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Coca-Cola freezes expansion at Varanasi due to protests, approval delay

The company, in its letter to UP chief secretary, has said it will explore options to relocate the line within the state after taking all regulatory approvals

BS Reporter  |  New Delhi 

Beverages major Coca-Cola has decided not to proceed with the proposal to expand its Mehdiganj unit near Varanasi, stuck for want of regulatory clearances and other legal trouble, spurred by public protest at alleged over-exploitation of ground water. Hindustan Coca-Cola Beverages Pvt Ltd, bottling arm of Coca-Cola, has written to Alok Ranjan, chief secretary, Government of Uttar Pradesh, stating: “Due to inordinate delay in receiving of the no-objection certificate, causing delay in expansion of capacity, leading to financial losses, we have decided not to pursue the expansion at Varanasi.” Villagers and activists had long been alleging over-exploitation and pollution of groundwater and soil by the unit. In February last year, villagers from around Mehdiganj, about 25 km from Varanasi, had asked the government to reject Coca-Cola’s application for the $25-million expansion, saying it would further worsen the area’s water condition. The plant became operational in 1999. “We are delighted that the (Union) government is doing what it is supposed to do — protect the common property resource of groundwater from rampant exploitation, particularly in water-stressed areas. This should serve as a notice to other that they cannot run roughshod over Indian rules and regulations and deny community rights over groundwater,” said Amit Srivastava of India Resource Centre, which has been leading the campaign against the unit. Hindustan Coca-Cola Beverages, in its letter to Ranjan, has said it will explore options to relocate the line within Uttar Pradesh after taking all regulatory approvals. “We will continue to operate our returnable glass bottle line at the plant,” it added. In June this year, the National Green Tribunal had given permission to Coca-Cola to resume operations at Mehdiganj, staying an order of the Uttar Pradesh Pollution Control Board that had directed the company to close the factory for various violations, including groundwater extraction. NGT had, however, said the stay would be effective only if the company kept production at up to 600 bottles per minute.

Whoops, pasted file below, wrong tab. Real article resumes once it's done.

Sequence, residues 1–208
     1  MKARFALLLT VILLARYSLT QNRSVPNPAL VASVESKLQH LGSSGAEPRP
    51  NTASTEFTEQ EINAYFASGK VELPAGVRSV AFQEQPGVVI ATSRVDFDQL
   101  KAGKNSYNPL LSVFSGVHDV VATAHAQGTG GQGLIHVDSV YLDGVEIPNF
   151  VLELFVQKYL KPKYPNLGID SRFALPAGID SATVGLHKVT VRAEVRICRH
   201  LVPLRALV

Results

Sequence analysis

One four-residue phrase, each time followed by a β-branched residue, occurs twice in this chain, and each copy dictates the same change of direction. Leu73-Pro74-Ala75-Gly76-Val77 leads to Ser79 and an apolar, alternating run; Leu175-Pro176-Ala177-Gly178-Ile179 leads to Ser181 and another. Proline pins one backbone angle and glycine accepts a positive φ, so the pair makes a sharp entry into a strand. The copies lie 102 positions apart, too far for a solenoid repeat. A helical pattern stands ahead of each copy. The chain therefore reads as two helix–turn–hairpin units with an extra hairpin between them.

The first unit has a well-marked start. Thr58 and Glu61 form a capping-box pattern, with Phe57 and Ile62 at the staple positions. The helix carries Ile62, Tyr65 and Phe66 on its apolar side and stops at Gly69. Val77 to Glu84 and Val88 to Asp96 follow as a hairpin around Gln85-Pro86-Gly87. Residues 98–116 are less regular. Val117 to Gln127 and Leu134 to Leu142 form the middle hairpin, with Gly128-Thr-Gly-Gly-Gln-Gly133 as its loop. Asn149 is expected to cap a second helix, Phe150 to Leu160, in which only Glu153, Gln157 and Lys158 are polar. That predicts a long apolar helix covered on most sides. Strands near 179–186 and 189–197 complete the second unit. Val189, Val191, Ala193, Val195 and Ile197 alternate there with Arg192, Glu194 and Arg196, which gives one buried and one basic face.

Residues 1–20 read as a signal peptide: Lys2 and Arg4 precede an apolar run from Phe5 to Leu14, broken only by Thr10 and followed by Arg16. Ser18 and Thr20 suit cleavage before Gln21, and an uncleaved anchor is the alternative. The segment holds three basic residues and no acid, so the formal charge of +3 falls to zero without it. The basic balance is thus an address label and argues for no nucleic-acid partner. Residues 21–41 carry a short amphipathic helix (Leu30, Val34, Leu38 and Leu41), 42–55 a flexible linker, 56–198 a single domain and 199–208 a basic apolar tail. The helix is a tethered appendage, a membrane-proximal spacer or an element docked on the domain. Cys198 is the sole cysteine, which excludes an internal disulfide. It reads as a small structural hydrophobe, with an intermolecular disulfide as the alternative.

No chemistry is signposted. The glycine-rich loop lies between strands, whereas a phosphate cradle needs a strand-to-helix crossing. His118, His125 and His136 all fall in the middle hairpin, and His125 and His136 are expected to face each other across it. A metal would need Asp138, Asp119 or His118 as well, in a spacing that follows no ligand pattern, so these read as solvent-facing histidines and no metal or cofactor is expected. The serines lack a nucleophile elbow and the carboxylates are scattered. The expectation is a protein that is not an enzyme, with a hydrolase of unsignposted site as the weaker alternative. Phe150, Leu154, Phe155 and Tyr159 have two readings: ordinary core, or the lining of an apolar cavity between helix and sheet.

The company will not be able to increase production capacity till it gets a clearance from the Central Ground Water Authority (CGWA). Otherwise, the stay will not be effective.

The Mehandiganj plant is a single-line facility and the only glass bottles unit of Hindustan Coca-Cola Beverages Pvt Ltd, the bottling arm of Coca-Cola. According to media reports, groundwater levels in Mehdiganj have dropped 7.9 meters (26 feet) in the 11 years since Coca-Cola started bottling operations there.

Coca-Cola has faced similar issues in the past as well. In March 2004, Coca-Cola had shut down a $16 million bottling plant in Kerala that reportedly had caused drastic decline in availability and quality of water. In April 2005, Kerala High Court had rejected water use claims, pointing out that wells in Kerala continued to dry up in summer, months after the local Coke bottling unit stopped operations.

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First Published: Tue, August 26 2014. 00:46 IST